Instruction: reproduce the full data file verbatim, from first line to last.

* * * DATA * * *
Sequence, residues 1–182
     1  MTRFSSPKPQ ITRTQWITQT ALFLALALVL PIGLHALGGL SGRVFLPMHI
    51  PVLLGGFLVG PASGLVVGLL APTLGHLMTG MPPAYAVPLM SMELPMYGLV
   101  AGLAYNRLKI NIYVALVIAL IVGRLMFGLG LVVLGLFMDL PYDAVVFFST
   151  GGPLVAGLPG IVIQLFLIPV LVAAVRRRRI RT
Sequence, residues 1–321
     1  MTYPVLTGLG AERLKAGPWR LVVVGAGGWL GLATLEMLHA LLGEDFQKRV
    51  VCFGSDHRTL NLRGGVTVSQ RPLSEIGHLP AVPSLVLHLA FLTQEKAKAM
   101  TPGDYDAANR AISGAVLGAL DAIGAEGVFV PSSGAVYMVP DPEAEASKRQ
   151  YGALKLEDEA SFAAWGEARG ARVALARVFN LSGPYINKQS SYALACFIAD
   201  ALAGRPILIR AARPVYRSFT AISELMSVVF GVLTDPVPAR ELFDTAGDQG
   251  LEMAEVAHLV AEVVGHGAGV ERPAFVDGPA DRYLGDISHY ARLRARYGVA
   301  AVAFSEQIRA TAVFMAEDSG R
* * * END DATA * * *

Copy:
Sequence, residues 1–182
     1  MTRFSSPKPQ ITRTQWITQT ALFLALALVL PIGLHALGGL SGRVFLPMHI
    51  PVLLGGFLVG PASGLVVGLL APTLGHLMTG MPPAYAVPLM SMELPMYGLV
   101  AGLAYNRLKI NIYVALVIAL IVGRLMFGLG LVVLGLFMDL PYDAVVFFST
   151  GGPLVAGLPG IVIQLFLIPV LVAAVRRRRI RT
Sequence, residues 1–321
     1  MTYPVLTGLG AERLKAGPWR LVVVGAGGWL GLATLEMLHA LLGEDFQKRV
    51  VCFGSDHRTL NLRGGVTVSQ RPLSEIGHLP AVPSLVLHLA FLTQEKAKAM
   101  TPGDYDAANR AISGAVLGAL DAIGAEGVFV PSSGAVYMVP DPEAEASKRQ
   151  YGALKLEDEA SFAAWGEARG ARVALARVFN LSGPYINKQS SYALACFIAD
   201  ALAGRPILIR AARPVYRSFT AISELMSVVF GVLTDPVPAR ELFDTAGDQG
   251  LEMAEVAHLV AEVVGHGAGV ERPAFVDGPA DRYLGDISHY ARLRARYGVA
   301  AVAFSEQIRA TAVFMAEDSG R